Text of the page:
I felt loved, especially when Sara would playfully slap my butt, or Oliver would bend over to kiss the top of my head, or Ellis would bake me loaves of my favorite pumpkin bread. But five people also meant unending opportunities for conflict. And at the end of each weekend, when we would return to our respective homes, I faced down my own loneliness.
I tried not to mind that my partners were in other, more committed relationships with each other, how sometimes our intimacy felt forced by the pandemic and not fully earned. I didn’t want to upset the delicate balance in our COVID bunker by voicing my own needs, but I craved more one-on-one time with each of them, and feared churning up undercurrents of jealousy. Whenever any of them led me into a bedroom, touched my neck, unbuttoned my clothes, I held my breath.
Whenever I held Le’s hand and felt the metal of their wedding band against my skin, I felt closer to them, like I was part of something bigger than myself. But other symbols of commitment gave me pangs. When Oliver booked an Airbnb to celebrate his anniversary with Sara, I feared that no one would do the same for me. And on one fivesome date night, Le spent the evening in the subtle BDSM collar they only use with Ellis, even wearing it to bed. I cried myself to sleep next to them, unable to find words for the overwhelming longing I felt for something to call mine.
The world changed fast. The United States’ vaccine rollout began, and by March, Ellis and Sara were fully vaccinated. Le noticed that I had recently updated my Tinder profile, and on the same day I got my first dose of the Moderna vaccine, they told me we should break up.
Pointing to my left arm, their voice flat, they said, “You’re vaccinated now. You can see anyone you want.” This declaration defied logic, but I didn’t want to argue. I thought back to that morning post-surgery last summer, standing barefoot on my building’s hot front steps, begging my panicked ex to come back inside. I did not have it in me to do it again.
The fivesome met up the next night for dinner, and I announced that I was leaving the pod. I explained how I loved them all, but felt torn apart by the logistical and emotional hurdles of a five-person relationship. Polyamorists like to say that love begets love, but I sometimes feel like I’m dividing myself into smaller pieces, all of which I give away.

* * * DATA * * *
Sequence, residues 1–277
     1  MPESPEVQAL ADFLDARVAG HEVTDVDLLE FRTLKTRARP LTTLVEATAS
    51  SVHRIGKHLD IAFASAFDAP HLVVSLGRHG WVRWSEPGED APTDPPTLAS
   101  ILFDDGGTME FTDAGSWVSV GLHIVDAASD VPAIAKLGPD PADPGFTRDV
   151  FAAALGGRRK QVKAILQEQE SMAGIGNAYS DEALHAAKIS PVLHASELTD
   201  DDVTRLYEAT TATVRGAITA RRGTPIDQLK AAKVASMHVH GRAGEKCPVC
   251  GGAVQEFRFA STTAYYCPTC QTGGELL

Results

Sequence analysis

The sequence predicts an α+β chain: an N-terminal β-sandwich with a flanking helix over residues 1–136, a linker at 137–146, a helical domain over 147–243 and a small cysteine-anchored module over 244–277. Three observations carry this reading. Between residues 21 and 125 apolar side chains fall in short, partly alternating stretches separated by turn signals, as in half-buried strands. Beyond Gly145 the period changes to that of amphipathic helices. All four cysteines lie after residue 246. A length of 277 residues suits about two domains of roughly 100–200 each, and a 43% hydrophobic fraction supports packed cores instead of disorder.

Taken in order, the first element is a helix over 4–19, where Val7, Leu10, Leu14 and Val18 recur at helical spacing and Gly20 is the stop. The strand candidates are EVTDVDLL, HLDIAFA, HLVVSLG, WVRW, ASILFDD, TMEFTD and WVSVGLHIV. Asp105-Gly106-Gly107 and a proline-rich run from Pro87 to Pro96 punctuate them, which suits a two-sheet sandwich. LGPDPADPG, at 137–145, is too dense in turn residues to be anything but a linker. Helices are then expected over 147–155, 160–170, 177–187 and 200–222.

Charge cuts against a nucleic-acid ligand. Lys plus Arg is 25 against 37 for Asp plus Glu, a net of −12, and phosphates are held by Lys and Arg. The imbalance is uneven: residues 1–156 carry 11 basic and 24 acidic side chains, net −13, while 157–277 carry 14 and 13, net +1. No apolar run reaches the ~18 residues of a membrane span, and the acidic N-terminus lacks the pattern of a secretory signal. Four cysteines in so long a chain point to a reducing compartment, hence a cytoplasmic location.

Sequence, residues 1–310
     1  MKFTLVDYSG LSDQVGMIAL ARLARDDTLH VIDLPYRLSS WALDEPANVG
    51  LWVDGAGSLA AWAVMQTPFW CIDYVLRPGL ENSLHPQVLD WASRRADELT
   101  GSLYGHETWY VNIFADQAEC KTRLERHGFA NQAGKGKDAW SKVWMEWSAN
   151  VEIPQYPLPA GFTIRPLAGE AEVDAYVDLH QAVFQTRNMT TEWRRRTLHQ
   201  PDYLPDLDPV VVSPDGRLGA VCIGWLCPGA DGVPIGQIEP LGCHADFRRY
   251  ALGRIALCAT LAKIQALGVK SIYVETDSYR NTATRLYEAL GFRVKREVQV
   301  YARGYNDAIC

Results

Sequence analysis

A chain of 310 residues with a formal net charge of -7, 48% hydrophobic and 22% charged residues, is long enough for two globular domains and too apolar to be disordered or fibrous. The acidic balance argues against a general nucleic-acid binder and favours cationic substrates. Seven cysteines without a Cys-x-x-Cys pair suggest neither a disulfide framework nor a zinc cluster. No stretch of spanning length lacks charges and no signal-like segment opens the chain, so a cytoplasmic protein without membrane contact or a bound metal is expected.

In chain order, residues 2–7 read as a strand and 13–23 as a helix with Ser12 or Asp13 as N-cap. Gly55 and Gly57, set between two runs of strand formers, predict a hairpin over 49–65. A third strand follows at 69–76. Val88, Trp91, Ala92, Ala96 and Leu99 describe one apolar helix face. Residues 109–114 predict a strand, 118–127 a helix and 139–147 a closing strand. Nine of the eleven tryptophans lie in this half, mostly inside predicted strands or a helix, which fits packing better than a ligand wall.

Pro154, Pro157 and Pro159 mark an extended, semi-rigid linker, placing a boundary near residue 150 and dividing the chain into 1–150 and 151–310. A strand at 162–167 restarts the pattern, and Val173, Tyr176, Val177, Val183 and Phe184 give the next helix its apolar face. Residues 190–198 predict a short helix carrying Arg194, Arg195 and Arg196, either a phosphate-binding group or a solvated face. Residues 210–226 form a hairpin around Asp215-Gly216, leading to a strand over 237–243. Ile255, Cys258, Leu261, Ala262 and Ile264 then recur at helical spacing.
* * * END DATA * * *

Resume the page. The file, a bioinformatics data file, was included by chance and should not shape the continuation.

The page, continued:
I found myself missing the period when Ellis, Sara, Oliver, and I were just friends — and living for the quietest moments I spent with Le alone, and the private rituals we shared, before we started arguing about the COVID vaccine and relationship protocols.
We decided we were taking a break at first, and our last hurrah as a group came two months later — a trip to Colorado. Amid the stunning beauty of the Aspen Highlands, Le gave me the silent treatment for a week straight. I watched from afar as my fivesome, these people I loved, now a foursome, frolicked in town, ate ice cream, and drank frosé, without me.
When we landed back in Chicago, I texted Le a song we’d once listened to. “I don’t wanna be the owner of your fantasy,” it goes. “I just wanna be a part of your family.” They never replied.
They wanted a girlfriend for the end of the world, I think. All those myopic quarantine routines covered up just how much we depended on each other. I wanted the opposite: to live in the world again. I wanted to fly home to California and see my parents — it was a miracle that they were alive. Sex is great, but I wanted to take my mask off and even just smell other people. I wanted a stranger’s arm sweat to get on me on the bus.
Of course I’m afraid of getting sick again. And I wonder who will stay with me if I do. Sometimes I’m convinced the world is ending, but I can’t live in someone’s apocalypse fantasy bunker. Not even in a fivesome.